The Vitamins You Should Be Taking In Your 60s

A diet that consists of a variety of fruits, vegetables, and protein is the best way to make sure you get all of the nutrients you need. However, those needs change as you age. Certain factors can lead to vitamin deficiencies, so it is important to know what vitamins you may need more of, especially after your turn 60.

After the age of 51, the body has a difficult time absorbing vitamin B12 (via National Institute on Aging). Deficiency symptoms may include numbness in hands and feet, anemia, balance problems, and fatigue, according to Harvard Medical School. Some digestive conditions, such as Crohn's Disease impede the body's ability to absorb nutrients, which can lead to a deficiency in vitamin B12. Furthermore, because plants are not a source of vitamin B12, vegetarians, and vegans might have low levels of the nutrient altogether. Harvard Medical School recommends getting at least 2.4 micrograms each day through meat, eggs, milk, and for non-meat eaters, fortified cereals and supplements are a good choice (via SF Gate).

Older people need to protect their bone health

Bones become weaker with age, which makes older people more susceptible to reduced bone mass and osteoporosis in older adults, according to WebMD. In addition to maintaining bone health, vitamin D also plays a role in immune support and muscle function. People over the age of 65 may produce less vitamin D, so it's critical for people in this age group to either take supplements or eat more food containing the vitamin. Vitamin D can be found in fatty fish and many fortified products, such as milk, yogurt, and cereals. Men and women up to age 70 should aim for getting at least 600 international units of vitamin D per day (via WebMD).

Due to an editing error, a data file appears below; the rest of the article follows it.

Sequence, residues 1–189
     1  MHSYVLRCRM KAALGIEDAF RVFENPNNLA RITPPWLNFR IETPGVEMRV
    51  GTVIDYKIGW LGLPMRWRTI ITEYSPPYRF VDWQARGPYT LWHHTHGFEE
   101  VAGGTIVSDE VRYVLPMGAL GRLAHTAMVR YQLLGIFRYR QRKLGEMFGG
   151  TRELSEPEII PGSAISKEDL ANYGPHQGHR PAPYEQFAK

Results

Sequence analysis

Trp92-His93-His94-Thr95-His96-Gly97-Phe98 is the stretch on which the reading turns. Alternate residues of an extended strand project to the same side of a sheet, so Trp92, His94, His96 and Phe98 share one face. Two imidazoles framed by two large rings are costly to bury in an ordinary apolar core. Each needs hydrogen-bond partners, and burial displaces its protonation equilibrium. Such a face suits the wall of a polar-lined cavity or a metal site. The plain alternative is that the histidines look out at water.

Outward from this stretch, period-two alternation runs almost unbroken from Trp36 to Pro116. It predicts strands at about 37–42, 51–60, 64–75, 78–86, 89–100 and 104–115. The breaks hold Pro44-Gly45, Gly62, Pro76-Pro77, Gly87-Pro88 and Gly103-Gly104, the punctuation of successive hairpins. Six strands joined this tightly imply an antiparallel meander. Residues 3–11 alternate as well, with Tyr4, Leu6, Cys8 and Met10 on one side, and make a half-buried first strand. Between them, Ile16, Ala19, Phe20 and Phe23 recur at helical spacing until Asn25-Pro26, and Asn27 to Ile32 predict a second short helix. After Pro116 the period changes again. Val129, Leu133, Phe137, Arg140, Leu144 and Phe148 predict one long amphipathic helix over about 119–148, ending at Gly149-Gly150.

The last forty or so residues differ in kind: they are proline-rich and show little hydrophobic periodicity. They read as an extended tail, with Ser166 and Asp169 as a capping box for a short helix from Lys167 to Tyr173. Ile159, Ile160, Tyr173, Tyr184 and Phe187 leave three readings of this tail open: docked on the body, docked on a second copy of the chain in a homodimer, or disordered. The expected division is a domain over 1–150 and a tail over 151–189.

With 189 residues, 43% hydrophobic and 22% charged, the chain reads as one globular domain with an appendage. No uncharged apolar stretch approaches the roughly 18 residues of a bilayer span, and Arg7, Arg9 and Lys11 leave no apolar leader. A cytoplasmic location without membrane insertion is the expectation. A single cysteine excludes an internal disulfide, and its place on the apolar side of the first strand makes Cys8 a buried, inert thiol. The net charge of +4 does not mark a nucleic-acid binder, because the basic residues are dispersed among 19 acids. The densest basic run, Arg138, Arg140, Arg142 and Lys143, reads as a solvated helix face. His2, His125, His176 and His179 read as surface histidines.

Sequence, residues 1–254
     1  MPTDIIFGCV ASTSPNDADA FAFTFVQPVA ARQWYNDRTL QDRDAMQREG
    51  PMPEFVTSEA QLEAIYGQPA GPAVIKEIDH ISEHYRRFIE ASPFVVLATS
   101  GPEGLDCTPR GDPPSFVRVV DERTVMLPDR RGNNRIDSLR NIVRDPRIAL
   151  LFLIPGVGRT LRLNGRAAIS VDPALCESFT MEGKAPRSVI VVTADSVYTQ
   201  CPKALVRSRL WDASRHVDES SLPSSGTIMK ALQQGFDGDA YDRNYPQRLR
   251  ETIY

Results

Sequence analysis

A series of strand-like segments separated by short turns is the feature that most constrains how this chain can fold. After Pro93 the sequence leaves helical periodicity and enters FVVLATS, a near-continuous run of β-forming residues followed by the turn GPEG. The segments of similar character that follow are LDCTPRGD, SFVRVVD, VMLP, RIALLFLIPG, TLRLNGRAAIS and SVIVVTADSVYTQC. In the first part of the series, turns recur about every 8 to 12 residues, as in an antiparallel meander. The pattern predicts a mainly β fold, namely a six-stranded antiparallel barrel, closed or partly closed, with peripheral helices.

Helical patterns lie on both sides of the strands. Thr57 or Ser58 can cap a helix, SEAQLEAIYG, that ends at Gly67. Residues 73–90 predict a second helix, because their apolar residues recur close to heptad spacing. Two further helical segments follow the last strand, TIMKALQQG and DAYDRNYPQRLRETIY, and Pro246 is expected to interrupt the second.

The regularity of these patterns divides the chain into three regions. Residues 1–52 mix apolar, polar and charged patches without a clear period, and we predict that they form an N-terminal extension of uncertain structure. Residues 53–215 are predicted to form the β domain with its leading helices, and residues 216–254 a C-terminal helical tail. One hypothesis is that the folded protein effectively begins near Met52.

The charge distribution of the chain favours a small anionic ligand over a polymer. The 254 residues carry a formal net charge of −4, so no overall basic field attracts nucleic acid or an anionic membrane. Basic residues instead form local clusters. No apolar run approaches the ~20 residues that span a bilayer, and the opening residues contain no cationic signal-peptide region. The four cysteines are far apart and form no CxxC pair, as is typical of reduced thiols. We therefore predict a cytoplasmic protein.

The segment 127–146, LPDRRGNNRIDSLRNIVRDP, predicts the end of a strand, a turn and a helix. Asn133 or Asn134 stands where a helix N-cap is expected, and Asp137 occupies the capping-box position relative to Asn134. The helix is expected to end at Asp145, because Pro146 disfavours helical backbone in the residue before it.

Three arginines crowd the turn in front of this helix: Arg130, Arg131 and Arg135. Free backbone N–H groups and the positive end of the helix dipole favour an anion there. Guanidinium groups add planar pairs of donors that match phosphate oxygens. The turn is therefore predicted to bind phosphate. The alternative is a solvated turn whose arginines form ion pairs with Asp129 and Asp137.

While calcium is not technically a vitamin, it is just as essential as vitamin D when it comes to bone health because it helps lower the risk of developing osteoporosis in the elderly. Men ages 19–70 should aim for 1,000 milligrams and women ages 51 and older need 1,200 milligrams of calcium daily, according to Cleveland Health Clinic. Milk, some cheese, and dark, leafy greens contain calcium, but you can also look for foods fortified with this nutrient to help you get what you need.